Thursday, 19 July 2012

Week Two: a 'global village'?

Source: Click here
"Globalization is a process in which worldwide economic, political, cultural and social relations have become increasingly mediated across time and space."
-Rantanen (2005: 8)

There's no denying that there's the gap. This gap is one I'm sure we're all aware of, one of poverty and 'underdeveloped' countries.

However, because of the severity and confronting nature of the issue, we learn and are taught to put it (the problem) "over there". Separate it from ourselves, as individuals, as groups, as societies, and put it away, where we can't see it. Put it over there. It's we and them. Because we are on the more fortunate side.It's still in the back of our mind, though.

There's no equal opportunity at the moment, as much as I hate to admit it. It's every country for themselves. Even in the early days of war, there were 'allied' countries - some alliances still exist from those times - but we're all still  very mistrustful of each other. By 'equal opportunity', I mean in technology. The type of technology we have; smart phones, MP3 players, you name it, isn't dominant over their - their main priority is to survive. Whereas our own survival in the 'more developed' countries is assured.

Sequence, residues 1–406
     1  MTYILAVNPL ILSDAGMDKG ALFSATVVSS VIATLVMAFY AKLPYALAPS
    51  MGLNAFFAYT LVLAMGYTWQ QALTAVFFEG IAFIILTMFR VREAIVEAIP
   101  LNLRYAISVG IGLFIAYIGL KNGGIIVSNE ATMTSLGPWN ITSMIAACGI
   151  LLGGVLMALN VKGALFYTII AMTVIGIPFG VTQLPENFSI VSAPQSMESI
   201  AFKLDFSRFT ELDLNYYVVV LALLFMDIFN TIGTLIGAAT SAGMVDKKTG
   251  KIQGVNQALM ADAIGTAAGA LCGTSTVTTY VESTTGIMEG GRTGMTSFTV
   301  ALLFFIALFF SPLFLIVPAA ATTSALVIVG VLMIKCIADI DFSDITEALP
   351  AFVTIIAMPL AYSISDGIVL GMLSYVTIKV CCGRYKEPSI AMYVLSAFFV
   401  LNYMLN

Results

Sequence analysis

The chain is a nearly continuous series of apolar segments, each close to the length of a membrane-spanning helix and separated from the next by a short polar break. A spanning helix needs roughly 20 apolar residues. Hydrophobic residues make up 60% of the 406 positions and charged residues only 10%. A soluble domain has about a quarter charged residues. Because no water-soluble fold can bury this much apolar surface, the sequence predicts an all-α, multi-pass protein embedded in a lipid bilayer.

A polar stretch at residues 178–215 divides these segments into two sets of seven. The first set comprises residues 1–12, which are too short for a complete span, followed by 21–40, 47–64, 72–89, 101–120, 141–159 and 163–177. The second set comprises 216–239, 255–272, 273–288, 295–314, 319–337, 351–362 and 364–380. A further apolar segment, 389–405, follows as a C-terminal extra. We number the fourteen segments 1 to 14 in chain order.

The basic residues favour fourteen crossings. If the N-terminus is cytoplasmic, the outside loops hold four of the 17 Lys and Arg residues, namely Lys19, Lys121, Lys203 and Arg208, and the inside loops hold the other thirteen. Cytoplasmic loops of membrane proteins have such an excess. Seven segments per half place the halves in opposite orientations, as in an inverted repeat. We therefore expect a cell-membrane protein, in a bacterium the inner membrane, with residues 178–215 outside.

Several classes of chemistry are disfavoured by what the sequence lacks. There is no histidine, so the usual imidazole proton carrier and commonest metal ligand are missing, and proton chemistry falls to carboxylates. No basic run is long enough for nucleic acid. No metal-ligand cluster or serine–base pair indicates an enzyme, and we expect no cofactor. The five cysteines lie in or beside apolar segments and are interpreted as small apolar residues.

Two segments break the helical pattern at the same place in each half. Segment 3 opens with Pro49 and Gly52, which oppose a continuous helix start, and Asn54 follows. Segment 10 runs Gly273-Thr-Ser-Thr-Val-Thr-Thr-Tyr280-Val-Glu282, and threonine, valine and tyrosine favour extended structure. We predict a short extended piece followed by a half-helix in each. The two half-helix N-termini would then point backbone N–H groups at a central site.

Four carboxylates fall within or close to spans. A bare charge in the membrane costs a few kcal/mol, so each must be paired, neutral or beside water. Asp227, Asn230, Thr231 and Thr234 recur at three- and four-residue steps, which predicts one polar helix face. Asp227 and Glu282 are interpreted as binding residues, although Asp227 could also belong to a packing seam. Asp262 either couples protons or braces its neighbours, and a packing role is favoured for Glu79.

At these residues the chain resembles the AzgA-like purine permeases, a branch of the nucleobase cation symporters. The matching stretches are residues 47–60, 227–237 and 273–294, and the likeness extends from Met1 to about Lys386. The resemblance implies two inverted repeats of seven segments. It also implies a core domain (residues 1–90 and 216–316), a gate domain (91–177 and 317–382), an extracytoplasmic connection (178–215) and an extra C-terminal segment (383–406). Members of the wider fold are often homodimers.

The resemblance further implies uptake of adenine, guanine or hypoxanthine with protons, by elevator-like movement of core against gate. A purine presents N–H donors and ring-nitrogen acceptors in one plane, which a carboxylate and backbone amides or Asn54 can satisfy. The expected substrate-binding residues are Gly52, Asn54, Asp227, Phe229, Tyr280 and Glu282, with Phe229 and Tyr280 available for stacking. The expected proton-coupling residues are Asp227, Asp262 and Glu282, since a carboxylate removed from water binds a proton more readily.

Even so, places like China are strictly governed by what information they can legally access. Of course we can talk to people - but to places like Europe and North America. If people in Africa or China had this freedom, what do you think they would say?

Rantanen's definition acknowledges economic relations, but are they on the same footing?

Rantanen, T 2005, The media and globalization, Sage, London, pp.1-18
Picture found at URL, last accessed 19/7/2012

1 comment:

  1. I liked your blog post. In 'definitions' week I also chose to focus on the detachment between developing countries and the type of globalisation we're really discussing. I wonder if loyalties are now felt for business partners and corporations rather than to your country itself? It seems most corporate decisions are based more on profit (outsourcing overseas, merging with multinational conglomerates) than any kind of national pride. It's a really interesting approach. Liz